Finally, the aspect of my normative assumption about which I am most uncertain is the central one. Who says the ANC cannot fall below 50 percent, that an alliance of opposition parties will not get above 50 percent? And that if both those bridges are crossed we are into the game mode where “(o)nly (the) African National Congress … could possibly negotiate the perilous path”. Which means?
I appear to be saying that in the event that those barriers are crossed we will fail to negotiate that path.
That we collapse in a heap? That the ANC morphs into Zanu-PF – but with even scarier tribalist and repressive features – to recapture the political initiative? That the ANC embarks on an ever more expansive looting of private and public assets to feed a patronage system that comes to replace all other mechanism that establish stability, but a system that is absolutely limited by the availability of such lootable assets? Or perhaps that our future will look something like what (might be) happening in Cairo tonight? … I will get to that as soon as I hit “publish”.
If a democratic election goes against the ANC why am I so uncertain that the party or party’s that the same election goes in favour of will be unable to govern?
I suspect I actually believe that without the ANC in a comfortable majority that things fall apart, that the centre cannot hold, that
Mere anarchy is loosed upon the world,
The blood-dimmed tide is loosed*
Thus, this is little more that my personal failure to imagine a future significantly different from the present, yes?
It appears that I am constrained by my own habits of thought and prejudices. Now there’s a big surprise.
So, back to the soap opera.
If the ANC is slipping in the ratings, it can chase the shifting demographic by attempting to spread its skirts ever more widely – although I think it is already beyond the limits of the possible with that indecorous exercise.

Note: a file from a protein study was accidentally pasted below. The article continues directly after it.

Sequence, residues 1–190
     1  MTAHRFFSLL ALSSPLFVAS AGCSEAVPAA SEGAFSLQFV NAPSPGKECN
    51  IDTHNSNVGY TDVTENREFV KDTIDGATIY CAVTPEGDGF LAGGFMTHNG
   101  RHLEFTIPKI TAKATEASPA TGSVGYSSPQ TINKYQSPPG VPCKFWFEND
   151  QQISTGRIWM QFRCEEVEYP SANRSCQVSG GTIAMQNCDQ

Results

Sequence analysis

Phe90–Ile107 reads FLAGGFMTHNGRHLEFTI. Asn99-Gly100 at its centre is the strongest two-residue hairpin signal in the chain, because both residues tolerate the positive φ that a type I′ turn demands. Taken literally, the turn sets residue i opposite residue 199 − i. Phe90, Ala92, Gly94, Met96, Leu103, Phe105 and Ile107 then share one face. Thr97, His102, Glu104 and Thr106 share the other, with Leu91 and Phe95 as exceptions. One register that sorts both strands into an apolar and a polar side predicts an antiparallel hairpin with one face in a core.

… or it can do the political equivalent of the narrative device of having space aliens infiltrate the family (hmm, that might have happened already – ed). I am not sure what a radical discontinuity in the ANC’s brand might look like – I think it could go one of two general directions, but I would imagine that the ANC strategists defining ‘the message’ for the upcoming elections must envy the clean simplicity of the Economic Freedom Fighters emerging platform.
… or the ANC could improve its character and performance by sticking to its knitting: cleaning up its leadership and improving its governance performance and winning back the trust of its purportedly defecting support. My impression is the ANC is going in precisely the opposite direction, but who’s to say they wont turn it around in response to a mild shock in 2014?
I do not hold to the popular notion that “anything is possible”, but I am prepared to accept that a lot more things will come to pass than I have been able to imagine.
* As always, the best poetic accompaniment to fretting about the future of our politics is William Butler Yeats‘ The Second Coming … catch the incomparable poem here.
I was looking for a shorthand way of summarising what I thought were the main political risks that are in the minds of investors in South African financial markets.
Note that the emphasis here (in what appears below) is what I think is an appropriate prism for investors in financial markets, and specifically those with an horizon of a maximum of 5-7 years.
If I was looking at broader security issues, particularly with regard to the stability of the state and ruling party, I would have had a significantly different emphasis – and have aspects that are both more negative and more positive than that which appears below. Hopefully, at some time in the future, I will post here a more general threat or risk analysis that would be of more specific relevance to South Africans who hope to live and work here.
Finally, before I get on with it, I do not explore the potential for an upside suprise here … but there does appear to me to be a slight accumulation of good news, albeit against a dark background.
SA Politics and financial markets – 3 risks
- Unpredictable and/or negative government economic policy interventions: Medium seriousness. Medium likelihood. Short- and medium-term duration (next few months to five years);
- Escalating social unrest – perhaps leading to “Arab Spring” type event: Very serious. Very unlikely. Medium- to-long duration (five to seven years);
- Ratings downgrades and tension between ambitious government plans and narrowing fiscal space: Serious risk. Medium likelihood. Short- and medium-term duration (one to three years).
Unpredictable and/or negative government economic policy interventions